Maybe it comes back to that same old issue: we just can’t see what we do as important enough to merit the help, the love.
Try to picture getting angry at Einstein devouring a donut brought to him by his assistant, while he sat slaving on the theory of relativity. Try to picture getting angry at Florence Nightingale for snacking on a donut while taking a break from tirelessly helping the sick.
To the artists, creators, scientists, non-profit-runners, librarians, strange-thinkers, start-uppers and inventors, to all people everywhere who are afraid to accept the help, in whatever form it’s appearing,
Please, take the donuts.
To the guy in my opening band who was too ashamed to go out into the crowd and accept money for his band,
Take the donuts.
To the girl who spent her twenties as a street performer and stripper living on less than $700 a month who went on to marry a best-selling author who she loves, unquestioningly, but even that massive love can’t break her unwillingness to accept his financial help, please….
Just take the fucking donuts.
But Thoreau, it turns out, got one thing right in his definition of success, which emanates from Amanda’s words a century and a half later:
The happiest artists I know are generally the ones who can manage to make a reasonable living from their art without having to worry too much about the next paycheck. Not to say that every artist who sits around the campfire, or plays in tiny bars, is “happier” than those singing in stadiums — but more isn’t always better. If feeling the connection between yourself and others is the ultimate goal it can be harder when you are separated from the crowd by a 30-foot barrier. And it can be easier to do — though riskier — when they’re sitting right beside you. The ideal sweet spot is the one in which the artist can freely share their talents and directly feel the reverberations of their artistic gifts to their community. In other words, it works best when everybody feels seen.
As artists, and as humans: If your fear is scarcity, the solution isn’t necessarily abundance.
But here is where it gets hairy. The strange and disorienting thing is that even the best-intentioned of us sometimes deploy the donuts dismissal in its various guises. As I took the above photo of Amanda with her new iPhone — the model released mere days earlier — I, a longtime and vocal proponent of undoing the toxic myth that being a true artist necessarily requires being a starving artist, was suddenly gripped with the anguishing sense that some part of me had instantly, almost automatically put on a Fraud Police hat. But why shouldn’t she, an artist supported directly by her audience, have the latest iPhone? Why should this trigger a twinge of questioning authenticity rather than a celebration of all the earned love from fans that makes it possible?
To think that we all do it is at once terrifying and comforting.
In fact, Amanda herself does it. In one of the most poignant passages in the book, she recalls doing this very thing to her own mother — a hardworking and accomplished freelance computer programmer in an era when women in the field frequently got raised eyebrows and rarely got raises. Amanda relays the conversation, which took place after two glasses of wine twenty years later:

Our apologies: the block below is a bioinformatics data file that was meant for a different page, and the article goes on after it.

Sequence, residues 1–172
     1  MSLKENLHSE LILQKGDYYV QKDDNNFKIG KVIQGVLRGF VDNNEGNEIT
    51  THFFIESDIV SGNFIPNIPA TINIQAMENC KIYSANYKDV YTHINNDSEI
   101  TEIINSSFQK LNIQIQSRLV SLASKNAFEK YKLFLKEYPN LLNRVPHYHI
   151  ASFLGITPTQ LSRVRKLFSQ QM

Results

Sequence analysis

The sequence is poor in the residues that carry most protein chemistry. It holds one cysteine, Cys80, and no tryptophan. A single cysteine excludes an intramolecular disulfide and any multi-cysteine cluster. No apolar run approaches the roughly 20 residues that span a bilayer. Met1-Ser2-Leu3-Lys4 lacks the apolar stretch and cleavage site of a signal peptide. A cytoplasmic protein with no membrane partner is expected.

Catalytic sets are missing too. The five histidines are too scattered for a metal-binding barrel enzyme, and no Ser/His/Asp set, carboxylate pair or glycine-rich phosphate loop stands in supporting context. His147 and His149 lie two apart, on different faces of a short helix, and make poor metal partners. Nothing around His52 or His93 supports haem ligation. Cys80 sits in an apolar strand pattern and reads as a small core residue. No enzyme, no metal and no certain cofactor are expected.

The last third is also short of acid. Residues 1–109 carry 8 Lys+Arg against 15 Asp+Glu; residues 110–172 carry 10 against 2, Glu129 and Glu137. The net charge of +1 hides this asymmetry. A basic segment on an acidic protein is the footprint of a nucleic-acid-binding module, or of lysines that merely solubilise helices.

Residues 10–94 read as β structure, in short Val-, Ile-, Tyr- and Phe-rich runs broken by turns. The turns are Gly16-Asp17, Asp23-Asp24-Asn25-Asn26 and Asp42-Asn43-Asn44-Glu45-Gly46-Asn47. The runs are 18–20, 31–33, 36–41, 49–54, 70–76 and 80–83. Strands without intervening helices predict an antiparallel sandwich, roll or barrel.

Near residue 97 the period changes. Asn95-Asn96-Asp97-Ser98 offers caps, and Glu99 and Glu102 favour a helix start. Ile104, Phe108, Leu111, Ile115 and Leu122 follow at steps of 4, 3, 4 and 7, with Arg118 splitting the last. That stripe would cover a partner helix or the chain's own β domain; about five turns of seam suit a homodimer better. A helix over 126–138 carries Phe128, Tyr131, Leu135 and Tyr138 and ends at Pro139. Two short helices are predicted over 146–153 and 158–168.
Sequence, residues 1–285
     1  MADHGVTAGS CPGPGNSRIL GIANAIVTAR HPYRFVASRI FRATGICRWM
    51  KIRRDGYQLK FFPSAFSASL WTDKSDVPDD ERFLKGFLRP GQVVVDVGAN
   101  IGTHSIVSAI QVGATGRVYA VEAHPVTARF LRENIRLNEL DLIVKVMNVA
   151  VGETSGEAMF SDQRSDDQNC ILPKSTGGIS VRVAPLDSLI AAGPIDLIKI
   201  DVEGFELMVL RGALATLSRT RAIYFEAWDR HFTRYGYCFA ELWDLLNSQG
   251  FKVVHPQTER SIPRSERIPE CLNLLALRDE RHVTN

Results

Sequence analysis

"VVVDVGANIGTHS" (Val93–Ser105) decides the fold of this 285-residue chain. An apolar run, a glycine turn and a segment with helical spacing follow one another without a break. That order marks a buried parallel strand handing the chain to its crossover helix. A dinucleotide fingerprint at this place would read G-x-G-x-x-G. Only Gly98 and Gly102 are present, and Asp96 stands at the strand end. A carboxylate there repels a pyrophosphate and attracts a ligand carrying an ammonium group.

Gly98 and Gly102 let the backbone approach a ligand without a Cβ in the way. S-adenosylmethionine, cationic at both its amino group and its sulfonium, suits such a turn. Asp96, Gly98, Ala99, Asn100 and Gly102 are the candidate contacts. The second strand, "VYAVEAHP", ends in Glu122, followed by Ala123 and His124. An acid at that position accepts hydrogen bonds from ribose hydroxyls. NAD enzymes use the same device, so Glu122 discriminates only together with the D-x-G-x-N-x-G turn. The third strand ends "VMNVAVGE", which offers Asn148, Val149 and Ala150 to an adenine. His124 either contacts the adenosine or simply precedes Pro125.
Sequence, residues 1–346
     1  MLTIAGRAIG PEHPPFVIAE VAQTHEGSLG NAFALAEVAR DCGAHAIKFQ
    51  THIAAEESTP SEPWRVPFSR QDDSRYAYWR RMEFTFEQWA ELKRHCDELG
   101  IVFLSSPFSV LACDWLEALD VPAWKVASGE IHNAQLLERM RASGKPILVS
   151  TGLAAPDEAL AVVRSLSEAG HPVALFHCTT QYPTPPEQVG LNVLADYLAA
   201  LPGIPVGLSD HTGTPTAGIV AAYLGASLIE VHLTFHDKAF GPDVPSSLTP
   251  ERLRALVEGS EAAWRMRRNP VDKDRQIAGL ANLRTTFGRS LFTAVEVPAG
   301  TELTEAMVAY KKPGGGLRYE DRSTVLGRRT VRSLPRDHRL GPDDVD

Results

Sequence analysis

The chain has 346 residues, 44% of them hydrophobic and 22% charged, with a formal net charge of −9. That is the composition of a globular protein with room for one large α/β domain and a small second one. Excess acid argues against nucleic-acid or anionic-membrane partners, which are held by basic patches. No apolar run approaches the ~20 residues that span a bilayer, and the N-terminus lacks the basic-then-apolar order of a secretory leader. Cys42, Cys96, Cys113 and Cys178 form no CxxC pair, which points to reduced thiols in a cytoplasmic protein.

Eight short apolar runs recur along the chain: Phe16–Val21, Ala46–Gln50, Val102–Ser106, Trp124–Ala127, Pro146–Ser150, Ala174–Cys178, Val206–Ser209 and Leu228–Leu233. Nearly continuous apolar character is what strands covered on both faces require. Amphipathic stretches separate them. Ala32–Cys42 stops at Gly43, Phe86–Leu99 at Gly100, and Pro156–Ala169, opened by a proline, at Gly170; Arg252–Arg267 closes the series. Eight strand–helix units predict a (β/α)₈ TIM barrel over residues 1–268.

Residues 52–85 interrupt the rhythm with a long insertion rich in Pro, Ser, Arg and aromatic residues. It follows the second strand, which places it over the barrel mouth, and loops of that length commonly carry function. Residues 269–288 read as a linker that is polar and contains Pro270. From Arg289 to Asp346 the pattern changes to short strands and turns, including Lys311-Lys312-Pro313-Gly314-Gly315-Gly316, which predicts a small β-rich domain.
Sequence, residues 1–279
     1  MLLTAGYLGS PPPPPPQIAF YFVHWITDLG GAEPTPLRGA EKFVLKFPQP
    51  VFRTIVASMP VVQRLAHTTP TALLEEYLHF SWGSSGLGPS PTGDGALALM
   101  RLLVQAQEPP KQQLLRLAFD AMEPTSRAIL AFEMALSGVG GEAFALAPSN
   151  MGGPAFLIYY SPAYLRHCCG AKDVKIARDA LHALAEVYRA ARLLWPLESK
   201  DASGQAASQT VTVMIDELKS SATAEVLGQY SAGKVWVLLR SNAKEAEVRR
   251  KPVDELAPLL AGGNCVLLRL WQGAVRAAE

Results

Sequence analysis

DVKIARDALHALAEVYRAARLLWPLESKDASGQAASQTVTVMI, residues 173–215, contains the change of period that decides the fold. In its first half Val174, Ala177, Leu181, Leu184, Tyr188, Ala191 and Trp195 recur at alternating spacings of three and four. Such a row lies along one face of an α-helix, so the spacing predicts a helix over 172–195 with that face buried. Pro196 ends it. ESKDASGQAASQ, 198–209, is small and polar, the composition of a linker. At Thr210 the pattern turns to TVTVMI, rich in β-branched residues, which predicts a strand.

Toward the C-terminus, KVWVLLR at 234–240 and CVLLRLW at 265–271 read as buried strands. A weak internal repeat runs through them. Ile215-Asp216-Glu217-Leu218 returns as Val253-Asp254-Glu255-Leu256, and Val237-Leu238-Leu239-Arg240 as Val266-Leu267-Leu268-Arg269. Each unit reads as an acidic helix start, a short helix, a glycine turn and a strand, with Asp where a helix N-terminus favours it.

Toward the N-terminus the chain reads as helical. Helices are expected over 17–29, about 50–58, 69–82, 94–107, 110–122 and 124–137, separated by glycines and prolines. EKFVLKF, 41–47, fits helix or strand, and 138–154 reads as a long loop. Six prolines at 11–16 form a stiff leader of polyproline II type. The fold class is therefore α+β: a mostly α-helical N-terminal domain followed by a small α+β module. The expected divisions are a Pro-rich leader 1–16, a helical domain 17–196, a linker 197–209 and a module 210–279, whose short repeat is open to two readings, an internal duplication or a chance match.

You know, Amanda, one thing always bothered me. Something you said when you were a teenager.
Oh, no. I was a terrible teenager, an angst-fest of hormones and nihilism.
She can do this imitation of me as a teenager that makes me want to crawl under a table. She did it now.
You said: ‘MOM, I’m a REAL ARTIST. You’re NOT.’
Then she added, more kindly: You know you, Amanda, you were being a typical teenager.
I winced, and felt my neck tighten and my teeth grit down into mother-fight-or-flight mode.
She continued, But you know. You would say: ‘I’m an ARTIST…fuck you, mom! What do you know?! You’re just a computer programmer.’
And then my mother said something that absolutely demolished my defensiveness. I don’t think, in all the years I’ve known her, that I’ve ever heard her sound more vulnerable.
You know, Amanda, it always bothered me. You can’t actually see my art, but… I’m one of the best artists I know. It’s just… nobody can ever see the beautiful things I made. Because you can’t hang them in a gallery.
Then there was a pause.
I took in my own deep breath.
God, mom. Sorry.
And she laughed and her voice turned cheerful again.
Oh, don’t worry, sweetie. You were thirteen.
In all my rock-and-roll years of running around, supporting people,advocating for women, giving all these strangers and fans permission to “embrace their inner fucking artist,” to express themselves fully, to look at their work and lives as beautiful, unique creative acts, I’d somehow excluded my own mother.
I thought about her work that I couldn’t possibly comprehend, about the actual creative work she had done. All that delicate, handmade lace-like programming she did into the dead of night… and how insanely proud she felt when it worked, and the true… beauty of that. And the sadness, too, because nobody ever, you know, clapped for her at the end of the night.